“Marc Davis Goes to WED” Talk with Pete Docter and Chris Merritt at ILM
“Marc can do story, he can do character, he can animate, he can design shows for me. All I have to do is tell him what I want and it’s there! He’s my Renaissance man.” – Walt Disney
On Saturday, June 30, as part of the overall celebration of Walt Disney’s Directing Animators: The Nine Old Men, The Walt Disney Family Museumis hosting a talk with Oscar winning Pixar Director Pete Doctor with Imagineer and experienced chronicler of Theme Park experiences, Chris Merritt at the Industrial Light & Magic facility in the Presideo of San Francisco.
The program,entitled Marc Davis Goes toWED, is presented in conjunction with the special exhibition Walt Disney’s Nine Old Men: Masters of Animation. Currated by Disney film producer and prolific author Don Hahn, the centerpiece exhibition devotes an area in the Diane Disney Exhibition Hall to each of Walt Disney’s Directing Animators, in a holistic approach that includes not only their art, but also personal interests and pursuits . As Hawn stated recently, while the animation of each of the “Nine” was exemplary, “it was the lives they led that made them special.”
The famed nine were: Les Clark, Marc Davis, Ollie Johnston, Milt Kahl, Ward Kimball, Eric Larson, John Lounsbery, Wolfgang Reitherman, and Frank Thomas.
Marc Davis started at the Walt Disney Studio in 1935, working on Snow White and the Seven Dwarfs. He went on to develop and animate characters of including Bambi and Thumper, and some might say, his specialty, female characters including Maleficent, Aurora (in Sleeping Beauty), and Tinker Bell, among others. He also animated Cruella de Vil in 101 Dalmatians. After his work on that film he moved down Riverside Drive to Walt Disney Imagineering.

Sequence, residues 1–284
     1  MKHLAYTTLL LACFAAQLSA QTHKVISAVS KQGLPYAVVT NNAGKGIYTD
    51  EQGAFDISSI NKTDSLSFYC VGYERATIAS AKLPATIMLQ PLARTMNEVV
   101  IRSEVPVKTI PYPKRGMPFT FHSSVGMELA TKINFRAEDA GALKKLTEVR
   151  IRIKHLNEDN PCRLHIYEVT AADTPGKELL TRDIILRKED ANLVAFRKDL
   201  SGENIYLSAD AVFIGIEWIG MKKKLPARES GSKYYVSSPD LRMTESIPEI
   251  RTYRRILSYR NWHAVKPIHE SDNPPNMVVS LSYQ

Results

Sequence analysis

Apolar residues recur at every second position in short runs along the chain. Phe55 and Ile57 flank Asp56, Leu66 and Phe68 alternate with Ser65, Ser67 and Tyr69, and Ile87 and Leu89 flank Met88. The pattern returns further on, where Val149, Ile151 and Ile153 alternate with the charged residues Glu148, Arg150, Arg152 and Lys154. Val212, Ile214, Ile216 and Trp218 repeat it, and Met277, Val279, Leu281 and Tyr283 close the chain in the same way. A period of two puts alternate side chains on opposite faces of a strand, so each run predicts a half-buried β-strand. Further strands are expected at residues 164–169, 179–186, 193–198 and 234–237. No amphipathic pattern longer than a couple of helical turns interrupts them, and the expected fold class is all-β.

Marc’s ability to inhabit his subject matter was enabled by his fondness for travel to to exotic locales. He also collected indigenous artwork from his travels to far flung places such as Papua New Guinea. Marc began his Disneyland work with an expansion on the Mine Train Through Nature’s Wonderland, he added completely new scenes with a deeper sense of place, and a stronger narrative. The same approach was then taken to Adventureland where Marc worked on The Enchanted Tiki Room and new scenes for the The Jungle Cruise (The African Veldt, The Lost Safari) that inexplicably added humor and realism to the attraction. Davis also worked on all of the Disney exhibits for the 1964-1965 New York World’s Fair.
Informed by his film work, he exhibited a strong gift for what might be called a one-panel sensibility. The Lost Safari scene on the Jungle Cruise. Hitchhiking ghosts. A dog guarding imprisoned pirates, with the key hanging from his mouth. These images “read” immediately, with no ambiguity.
His final WED project was America Sings in 1974. Davis was the only of the Nine Old Men to shift his full time concentration to Theme Park design where his work on Disneyland and Walt Disney World and the international parks is indelible.
Beyond anecdotal experiences, Doctor and Merritt will exhibit never-before-seen photos and rare video footage, collected through years of research for their new book Marc Davis Goes to WED: Designing the Disney Theme Parks (scheduled for release in 2019).